Watch this short promo video to see how different the Springhill Camp is. They typically include activities like the climbing wall, crafts, low ropes, slingshot, water activities, euro-bungee, flying squirrel, silly games and more.
Loveland, Ohio - This LOVELAND MAGAZINE HD VIDEO is from the July 26 City council meeting when Councilwoman Angie Settell asked for a vote to reprimand City Manager, Thomas Carroll. She was concerned about his recent actions concerning Loveland’s Amazing Race.
Settell said that Carroll’s actions ended up being an “embarrassment and black mark” against the City and that there needs to be “consequences for Carroll's unprofessional behavior on what should have been a proud day for Loveland.” Carroll sent an e-mail to Race officials ten days prior to the July 16 event demanding an unexpected and unexplained $5,000, citing the failure of Race Board member, Martin Schickel's not signing a private contract to sell his prime real estate to private developer Rick Greiwe for use in the downtown Loveland Station project. Carroll said that the Race permit would not be issued without the $5,000. (City Manager Threatens to Cancel Loveland's Amazing Race)
In an e-mail, Carroll blamed Schickel for “killing” the Loveland Station Project because he would not sign the sale contract. Carroll said it would now cost the City an additional $108,000 to refinance debt on the downtown project and he would have to lay off a police officer.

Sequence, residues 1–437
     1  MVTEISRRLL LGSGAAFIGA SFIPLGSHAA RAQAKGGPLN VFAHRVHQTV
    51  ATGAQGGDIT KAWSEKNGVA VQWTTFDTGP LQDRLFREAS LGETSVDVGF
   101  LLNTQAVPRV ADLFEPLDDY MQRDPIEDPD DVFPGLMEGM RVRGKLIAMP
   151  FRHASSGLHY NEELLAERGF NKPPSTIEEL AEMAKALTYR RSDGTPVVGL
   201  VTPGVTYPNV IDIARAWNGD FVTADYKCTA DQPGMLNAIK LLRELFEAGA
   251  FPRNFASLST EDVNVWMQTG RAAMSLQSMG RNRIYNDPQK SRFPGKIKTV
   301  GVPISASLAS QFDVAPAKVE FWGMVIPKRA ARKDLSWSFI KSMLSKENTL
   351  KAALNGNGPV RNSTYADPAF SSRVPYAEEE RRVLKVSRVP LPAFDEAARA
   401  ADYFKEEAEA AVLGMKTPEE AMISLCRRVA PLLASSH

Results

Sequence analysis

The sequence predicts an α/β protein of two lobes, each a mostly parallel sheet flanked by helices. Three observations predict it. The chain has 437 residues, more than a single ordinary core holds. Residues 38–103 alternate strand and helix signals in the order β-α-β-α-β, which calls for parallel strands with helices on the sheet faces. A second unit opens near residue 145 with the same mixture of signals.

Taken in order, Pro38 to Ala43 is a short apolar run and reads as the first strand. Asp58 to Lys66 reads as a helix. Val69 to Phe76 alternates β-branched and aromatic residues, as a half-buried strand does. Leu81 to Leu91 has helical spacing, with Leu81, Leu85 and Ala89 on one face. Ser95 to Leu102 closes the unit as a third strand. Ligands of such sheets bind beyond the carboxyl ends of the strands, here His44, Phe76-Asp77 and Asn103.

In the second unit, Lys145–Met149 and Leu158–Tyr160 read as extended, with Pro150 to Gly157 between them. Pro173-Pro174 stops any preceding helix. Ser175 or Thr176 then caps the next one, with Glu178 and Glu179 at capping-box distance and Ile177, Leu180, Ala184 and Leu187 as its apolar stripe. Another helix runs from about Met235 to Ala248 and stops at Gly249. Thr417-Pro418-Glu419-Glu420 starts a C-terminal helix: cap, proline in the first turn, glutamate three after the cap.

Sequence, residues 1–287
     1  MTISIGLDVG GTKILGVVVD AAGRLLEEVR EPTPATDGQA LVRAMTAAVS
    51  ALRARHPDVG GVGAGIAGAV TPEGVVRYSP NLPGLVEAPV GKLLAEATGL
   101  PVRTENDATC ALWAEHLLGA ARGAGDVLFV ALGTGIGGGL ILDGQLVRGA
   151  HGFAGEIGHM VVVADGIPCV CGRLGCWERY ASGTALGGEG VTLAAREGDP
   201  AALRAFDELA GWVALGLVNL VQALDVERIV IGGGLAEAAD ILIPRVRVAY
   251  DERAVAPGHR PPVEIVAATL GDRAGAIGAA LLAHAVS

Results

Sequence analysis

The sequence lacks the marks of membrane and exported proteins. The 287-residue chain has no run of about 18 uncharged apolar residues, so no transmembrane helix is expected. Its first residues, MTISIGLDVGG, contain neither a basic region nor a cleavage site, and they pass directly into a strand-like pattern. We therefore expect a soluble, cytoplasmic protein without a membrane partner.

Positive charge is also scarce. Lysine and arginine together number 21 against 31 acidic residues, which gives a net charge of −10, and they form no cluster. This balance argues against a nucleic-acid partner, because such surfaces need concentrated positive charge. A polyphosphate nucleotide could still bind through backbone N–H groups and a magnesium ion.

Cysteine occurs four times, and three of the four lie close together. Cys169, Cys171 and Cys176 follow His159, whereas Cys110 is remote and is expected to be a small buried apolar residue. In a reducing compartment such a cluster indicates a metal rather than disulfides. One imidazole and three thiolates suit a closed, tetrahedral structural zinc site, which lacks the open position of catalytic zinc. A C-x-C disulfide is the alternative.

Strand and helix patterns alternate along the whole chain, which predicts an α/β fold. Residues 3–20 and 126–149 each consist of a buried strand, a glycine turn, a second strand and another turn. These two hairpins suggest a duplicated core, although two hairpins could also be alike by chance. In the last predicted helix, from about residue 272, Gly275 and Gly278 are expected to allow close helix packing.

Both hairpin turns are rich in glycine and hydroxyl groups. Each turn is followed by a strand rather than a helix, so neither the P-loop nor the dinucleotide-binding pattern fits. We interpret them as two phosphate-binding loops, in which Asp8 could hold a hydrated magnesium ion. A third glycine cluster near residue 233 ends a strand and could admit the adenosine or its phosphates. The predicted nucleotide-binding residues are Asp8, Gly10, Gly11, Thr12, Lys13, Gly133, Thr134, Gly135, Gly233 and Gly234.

Settell said that she cannot bury her head in the sand. “I’ve had too many e-mails, discussions and calls from concerned citizens. There needs to be consequences for unprofessional behavior.” Her motion ultimately failed when Brenton Zuch moved to “Table” the motion. Discussion ended when an immediate 4-3 vote was taken, Mayor Rob Weisgerber, Vice Mayor David Bednar, Paulette Leeper, and Brenton Zuck voted to table the motion. Settell, Mark Fitzgerald, and Linda Cox voted for more discussion.
In moving to squash discussion, Zuck said that there wasn’t anybody who wanted the race to stay in Loveland more than him. He said there was “great deal of political grandstanding, opportunism, and there’s been a lot of people picking at this sore.” He suggested the issue was staying alive, “To keep hard feelings rolling and make a spectacle of this.” He said the City was on the verge of bringing the issue to a resolution and that’s what, ‘We need to focus on at this time.” He said that Settell’s motion might endanger an amicable outcome between the City and the Race.
There is speculation that the Race, after 7 years might not happen next year, or it may be moved to another city. Race registration, which usually opens immediately for the next year, has been indefinitely postponed.
However, Mark Fitzgerald wouldn’t let the subject drop. He said at the core of the matter is “equity” how people expected to be treated in doing business with the City of Loveland.” He said that for the City Manager to link the private dealings of one of the Race organizers to the issuance of a special events permit for the Amazing Race was, “Totally inappropriate.”
Fitzgerald speculated on what kind of message it would send to someone who might be a business prospect wanting to invest and bring jobs. He said that Settell’s motion is “wholly” in order, because council needed to “step up and reign in” the City Manager. “I don’t think that tabled motion will come back, and I think that’s sending a terrible message.”